Farrell Centre opens as an ‘urban room’ for the people of Newcastle

Farrell Centre opens in Newcastle, UK, offering a space for architecture debate and for the local people to learn more about their city

farrell centre
(Image credit: Jill Tate)

The Farrell Centre, Newcastle University School of Architecture, Planning and Landscape's newly opened architecture hub, seeks to return people to the heart of the often esoteric planning process. The centre has just been inaugurated by Sir Terry Farrell – a key force behind this opening – and launched to the public. 

In the 2014 Farrell Review that instigated the centre, the government-commissioned report recommended that every city should have an 'urban room' where locals can go and learn about the past, present and future of where they live. Located in the Claremont Building, a four-storey Grade II-listed former department store designed by W Hope in 1896, the Farrell Centre comprises a gallery, a research hub and a community space. Its public programme will consist of temporary exhibitions, talks and workshops as well as publications, podcasts and other digital projects set to address urban contemporary issues. 

Farrell Centre against blue skies

(Image credit: Jill Tate)

Farrell Centre launches in Newcastle

A large atrium greets visitors upon entering the building. It has a reception desk and a lecture pit, which acts as a space for improvised talks, presentations and performances. A new multicoloured staircase scales the north of the building, revealing retained features, such as the original fireplaces and brick coursing as guests are guided through the building. The project was designed as a collaboration between two local studios, Space Architects and Elliot Architects, in conjunction with Owen Hopkins, the centre’s director and formerly of the Soane Museum; it stands as an exemplar of the transmuting potential of retrofit.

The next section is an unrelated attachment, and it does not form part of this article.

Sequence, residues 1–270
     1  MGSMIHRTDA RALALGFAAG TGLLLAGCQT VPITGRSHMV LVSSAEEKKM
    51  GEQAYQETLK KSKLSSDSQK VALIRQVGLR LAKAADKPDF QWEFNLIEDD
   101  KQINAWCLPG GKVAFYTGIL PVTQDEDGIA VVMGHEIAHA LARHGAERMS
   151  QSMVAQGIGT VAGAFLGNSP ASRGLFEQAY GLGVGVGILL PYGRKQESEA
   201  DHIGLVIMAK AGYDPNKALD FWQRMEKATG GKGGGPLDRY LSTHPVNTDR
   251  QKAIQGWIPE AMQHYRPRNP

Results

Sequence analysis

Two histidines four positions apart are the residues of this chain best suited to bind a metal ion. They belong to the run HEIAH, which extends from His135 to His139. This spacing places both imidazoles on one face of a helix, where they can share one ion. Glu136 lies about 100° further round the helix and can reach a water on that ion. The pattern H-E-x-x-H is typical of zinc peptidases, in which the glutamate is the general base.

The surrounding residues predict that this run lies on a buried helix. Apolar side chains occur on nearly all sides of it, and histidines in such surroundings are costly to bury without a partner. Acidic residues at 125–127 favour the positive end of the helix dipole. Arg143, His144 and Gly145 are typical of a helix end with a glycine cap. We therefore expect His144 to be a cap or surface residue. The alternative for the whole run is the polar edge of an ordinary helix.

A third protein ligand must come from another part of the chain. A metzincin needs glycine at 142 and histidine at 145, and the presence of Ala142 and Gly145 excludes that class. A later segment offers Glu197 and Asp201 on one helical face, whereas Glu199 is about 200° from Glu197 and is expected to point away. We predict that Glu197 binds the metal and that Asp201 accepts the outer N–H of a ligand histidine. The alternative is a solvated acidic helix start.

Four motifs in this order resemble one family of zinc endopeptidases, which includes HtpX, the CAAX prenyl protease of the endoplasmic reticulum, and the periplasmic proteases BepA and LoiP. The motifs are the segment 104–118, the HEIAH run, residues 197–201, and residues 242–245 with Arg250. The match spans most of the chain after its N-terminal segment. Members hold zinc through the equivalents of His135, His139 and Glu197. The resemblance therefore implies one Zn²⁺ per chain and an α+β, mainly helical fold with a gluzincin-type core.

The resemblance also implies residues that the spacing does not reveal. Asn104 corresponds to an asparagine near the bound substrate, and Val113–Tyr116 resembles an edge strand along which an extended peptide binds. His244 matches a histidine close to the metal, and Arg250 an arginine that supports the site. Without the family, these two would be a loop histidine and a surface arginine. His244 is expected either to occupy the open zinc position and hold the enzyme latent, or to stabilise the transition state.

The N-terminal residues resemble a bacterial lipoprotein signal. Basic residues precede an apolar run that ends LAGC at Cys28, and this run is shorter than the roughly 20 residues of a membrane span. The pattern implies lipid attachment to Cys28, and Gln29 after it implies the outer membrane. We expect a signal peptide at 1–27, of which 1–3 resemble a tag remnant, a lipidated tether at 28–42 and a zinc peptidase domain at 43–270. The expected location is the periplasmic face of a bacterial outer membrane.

farrell centre side view

(Image credit: Jill Tate)

The main gallery space is placed within four rooms, awash with light, on the first floor. They will house the temporary exhibitions. The inaugural show, titled 'More with Less: Reimagining Architecture for a Changing World', is a group show of four designers displaying how architecture can address the climate catastrophe through innovation. 

farrell centre storefront

(Image credit: Jill Tate)

The 'Urban Rooms', three multi-use spaces on the second floor, host exhibits designed by CAN and installations focusing on Tyneside’s illustrious urban history. They also form a backdrop to the aforementioned programme of talks, seminars, roundtables and workshops. This space, available to local communities, is the centre’s raison d’être, and is designed to adapt to their requirements. Hopkins speaks of the planning system as historically 'mitigating development' but hopes that 'the centre will spark projects that are proactive'.

farrell centre's colourful interior

(Image credit: Jill Tate)

For Sir Terry Farrell, this is something of a homecoming. He grew up and studied in the city, and this centre comes three decades after his masterplan for Newcastle’s quayside; two after his Newcastle City masterplan; and almost ten years after he gifted his archive to the university. With Farrell having donated £1 million of the £4.6 million funding needed for the centre to be set up, this is a key part of his legacy – a place that engenders optimism for the future of cities. 

farrell centre interior showing the staircase

(Image credit: Jill Tate)